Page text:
Most guys goofed about in the clubhouse or listened to their iPods during yesterday's two-hour storm delay at the Nedbank Challenge; unlike Rory McIlroy, who had to be placed on an intravenous drip by the tournament doctor.
McIlroy had been complaining of flu-like symptoms since his arrival in Sun City from Hong Kong last Monday and plainly was still under the weather as he posted a one-over par 73 in the opening round of this week's lucrative 12-man shootout.
This left the exhausted Holywood youngster in a tie for 10th place with England's Ross Fisher and American Nick Watney, five off the pace set by Robert Allenby, who skipped his national Open this week to play in the $4.35million South African extravaganza.
It remains to be seen if McIlroy can survive all 72 holes of his sixth tournament in seven weeks but judging by the bravery he showed yesterday, the 20-year-old will not give up without a fight.
From the off, McIlroy clearly was out of sorts. After untidy bogeys on the first and third holes, the latter by way of an annoying three-putt, it became patently clear how grim the Ulster prodigy was feeling when he failed even to raise a smile after an unlikely birdie at the par three fourth.
The past few weeks have been mentally draining for McIlroy. Especially crushing was his Dubai World Championship defeat at the hands of Lee Westwood the weekend before last and he appeared to run out of steam at last Sunday's climax to the golf World Cup at Mission Hills.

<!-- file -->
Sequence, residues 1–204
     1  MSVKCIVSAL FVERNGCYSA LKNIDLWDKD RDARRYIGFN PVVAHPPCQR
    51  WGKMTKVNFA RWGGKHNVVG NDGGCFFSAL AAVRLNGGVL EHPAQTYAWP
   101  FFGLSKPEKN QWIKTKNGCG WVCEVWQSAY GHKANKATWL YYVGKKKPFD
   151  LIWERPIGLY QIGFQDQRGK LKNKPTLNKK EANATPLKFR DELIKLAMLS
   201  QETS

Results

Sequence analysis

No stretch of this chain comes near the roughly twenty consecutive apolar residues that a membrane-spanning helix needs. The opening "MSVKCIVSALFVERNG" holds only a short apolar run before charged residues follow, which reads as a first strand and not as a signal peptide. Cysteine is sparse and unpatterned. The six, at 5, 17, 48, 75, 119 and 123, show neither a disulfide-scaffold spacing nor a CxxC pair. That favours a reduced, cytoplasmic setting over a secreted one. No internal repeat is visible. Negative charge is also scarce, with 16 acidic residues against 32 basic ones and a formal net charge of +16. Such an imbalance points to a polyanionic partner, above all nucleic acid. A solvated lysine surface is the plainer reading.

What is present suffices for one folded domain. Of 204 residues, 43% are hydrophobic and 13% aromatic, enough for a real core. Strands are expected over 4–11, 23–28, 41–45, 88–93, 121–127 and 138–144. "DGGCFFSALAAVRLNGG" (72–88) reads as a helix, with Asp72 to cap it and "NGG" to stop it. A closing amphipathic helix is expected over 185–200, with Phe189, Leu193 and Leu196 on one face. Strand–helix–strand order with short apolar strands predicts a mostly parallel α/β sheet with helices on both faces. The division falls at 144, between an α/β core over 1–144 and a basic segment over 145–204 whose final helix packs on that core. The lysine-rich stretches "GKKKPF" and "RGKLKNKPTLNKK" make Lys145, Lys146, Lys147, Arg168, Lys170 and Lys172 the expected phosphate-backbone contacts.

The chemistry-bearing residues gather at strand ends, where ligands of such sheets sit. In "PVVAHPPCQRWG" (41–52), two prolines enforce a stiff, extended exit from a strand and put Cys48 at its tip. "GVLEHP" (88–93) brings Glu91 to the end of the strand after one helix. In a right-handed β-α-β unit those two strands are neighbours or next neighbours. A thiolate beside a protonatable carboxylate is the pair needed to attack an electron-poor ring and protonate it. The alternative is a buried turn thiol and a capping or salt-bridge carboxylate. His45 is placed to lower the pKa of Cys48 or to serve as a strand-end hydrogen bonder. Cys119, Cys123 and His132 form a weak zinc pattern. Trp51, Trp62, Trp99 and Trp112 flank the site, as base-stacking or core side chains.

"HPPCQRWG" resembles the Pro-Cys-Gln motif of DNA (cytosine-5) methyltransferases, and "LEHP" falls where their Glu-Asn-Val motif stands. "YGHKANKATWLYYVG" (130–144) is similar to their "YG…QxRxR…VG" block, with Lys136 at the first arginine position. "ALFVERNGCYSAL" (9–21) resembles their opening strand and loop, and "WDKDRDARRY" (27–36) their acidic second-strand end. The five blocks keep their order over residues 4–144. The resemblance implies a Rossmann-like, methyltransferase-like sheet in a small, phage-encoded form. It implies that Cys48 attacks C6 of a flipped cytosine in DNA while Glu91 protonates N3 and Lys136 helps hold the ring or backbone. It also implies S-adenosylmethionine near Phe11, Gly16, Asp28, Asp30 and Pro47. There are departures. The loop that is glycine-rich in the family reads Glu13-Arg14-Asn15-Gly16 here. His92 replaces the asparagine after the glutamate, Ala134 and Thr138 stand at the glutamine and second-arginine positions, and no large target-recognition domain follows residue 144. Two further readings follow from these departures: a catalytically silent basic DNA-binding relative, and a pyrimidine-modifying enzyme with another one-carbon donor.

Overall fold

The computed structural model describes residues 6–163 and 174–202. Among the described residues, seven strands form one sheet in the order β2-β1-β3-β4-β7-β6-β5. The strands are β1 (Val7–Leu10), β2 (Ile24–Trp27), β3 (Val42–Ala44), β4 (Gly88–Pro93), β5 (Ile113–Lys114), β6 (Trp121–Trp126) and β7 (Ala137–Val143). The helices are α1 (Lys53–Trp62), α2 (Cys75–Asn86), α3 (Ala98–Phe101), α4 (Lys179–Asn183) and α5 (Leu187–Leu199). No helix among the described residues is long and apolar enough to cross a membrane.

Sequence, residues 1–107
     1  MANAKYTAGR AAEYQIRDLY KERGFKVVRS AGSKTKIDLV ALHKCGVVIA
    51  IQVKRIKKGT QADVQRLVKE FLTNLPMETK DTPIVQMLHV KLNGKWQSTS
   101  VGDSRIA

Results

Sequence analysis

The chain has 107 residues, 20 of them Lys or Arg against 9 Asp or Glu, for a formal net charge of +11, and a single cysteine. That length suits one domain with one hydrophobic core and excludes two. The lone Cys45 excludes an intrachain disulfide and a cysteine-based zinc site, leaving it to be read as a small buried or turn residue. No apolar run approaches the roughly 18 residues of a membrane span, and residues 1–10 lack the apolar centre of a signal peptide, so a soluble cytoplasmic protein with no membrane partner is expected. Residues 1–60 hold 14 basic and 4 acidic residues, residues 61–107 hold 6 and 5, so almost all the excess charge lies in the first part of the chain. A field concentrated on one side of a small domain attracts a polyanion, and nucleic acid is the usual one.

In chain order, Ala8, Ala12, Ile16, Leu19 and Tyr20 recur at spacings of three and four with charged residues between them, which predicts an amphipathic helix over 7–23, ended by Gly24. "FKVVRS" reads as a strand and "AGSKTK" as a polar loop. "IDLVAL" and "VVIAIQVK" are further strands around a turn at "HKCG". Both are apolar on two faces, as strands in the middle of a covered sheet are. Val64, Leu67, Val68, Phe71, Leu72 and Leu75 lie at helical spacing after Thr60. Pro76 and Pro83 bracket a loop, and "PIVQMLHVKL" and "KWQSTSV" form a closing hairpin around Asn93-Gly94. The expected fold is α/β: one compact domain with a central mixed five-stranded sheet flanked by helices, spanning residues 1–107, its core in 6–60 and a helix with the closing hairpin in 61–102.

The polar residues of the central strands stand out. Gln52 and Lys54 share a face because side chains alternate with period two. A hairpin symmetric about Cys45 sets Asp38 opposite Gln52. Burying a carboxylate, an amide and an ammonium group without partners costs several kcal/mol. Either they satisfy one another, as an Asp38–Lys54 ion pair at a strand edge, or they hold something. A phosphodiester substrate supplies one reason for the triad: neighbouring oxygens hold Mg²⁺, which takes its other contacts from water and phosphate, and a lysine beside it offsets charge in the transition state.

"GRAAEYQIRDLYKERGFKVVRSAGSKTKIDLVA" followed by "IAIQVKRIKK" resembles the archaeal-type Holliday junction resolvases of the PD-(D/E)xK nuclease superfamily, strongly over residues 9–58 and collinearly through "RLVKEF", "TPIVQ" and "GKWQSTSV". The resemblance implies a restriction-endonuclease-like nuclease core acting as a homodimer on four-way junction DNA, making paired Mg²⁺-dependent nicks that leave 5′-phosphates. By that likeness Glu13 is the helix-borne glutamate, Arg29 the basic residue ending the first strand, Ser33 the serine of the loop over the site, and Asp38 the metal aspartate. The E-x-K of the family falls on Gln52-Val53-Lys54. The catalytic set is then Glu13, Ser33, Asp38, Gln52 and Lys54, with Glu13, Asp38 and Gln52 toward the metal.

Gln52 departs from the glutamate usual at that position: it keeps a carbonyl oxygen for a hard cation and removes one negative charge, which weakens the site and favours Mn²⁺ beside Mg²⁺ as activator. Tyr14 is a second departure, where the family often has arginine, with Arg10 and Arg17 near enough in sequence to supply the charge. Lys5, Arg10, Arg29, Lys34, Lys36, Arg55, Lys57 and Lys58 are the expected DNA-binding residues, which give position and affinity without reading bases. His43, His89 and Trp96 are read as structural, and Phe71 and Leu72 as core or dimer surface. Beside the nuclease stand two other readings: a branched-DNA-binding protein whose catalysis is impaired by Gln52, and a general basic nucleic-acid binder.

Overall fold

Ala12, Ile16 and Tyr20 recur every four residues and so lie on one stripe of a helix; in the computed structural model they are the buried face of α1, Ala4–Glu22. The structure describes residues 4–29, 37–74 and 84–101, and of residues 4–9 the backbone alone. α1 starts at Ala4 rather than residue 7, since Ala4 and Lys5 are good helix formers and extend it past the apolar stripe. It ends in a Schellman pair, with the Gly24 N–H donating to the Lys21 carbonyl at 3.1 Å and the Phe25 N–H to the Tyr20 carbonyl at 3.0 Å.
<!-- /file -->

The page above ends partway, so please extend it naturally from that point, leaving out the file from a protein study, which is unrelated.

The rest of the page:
After a phenomenal year, in which McIlroy registered his maiden Tour victory in Dubai last February and had a dozen top-five finishes as he soared to No 10 in the world rankings, the kid plainly has hit the wall in his final event of the season.
Still he battled on yesterday, interspersing lacklustre shots with occasional flashes of brilliance. Another birdie at five was followed by bogeys at seven and nine before McIlroy picked up a shot at 10, just before the siren, signalling the imminent arrival of an electrical storm, brought play shuddering to a halt.
He took the opportunity to visit the doctor and, after an hour on an IV drip, McIlroy rejoined his playing companion, Masters Champion Angel Cabrera, on the golf course for the resumption of play.
Undeterred by another couple of dropped shots at 13 and 16, McIlroy came up with a real grandstand finish, hitting a superlative wedge in to a couple of feet at 17 and then sinking a 25 foot putt at 18 for two phenomenal back-to-back birdies.
Even John Wayne would have struggled to match true grit like this.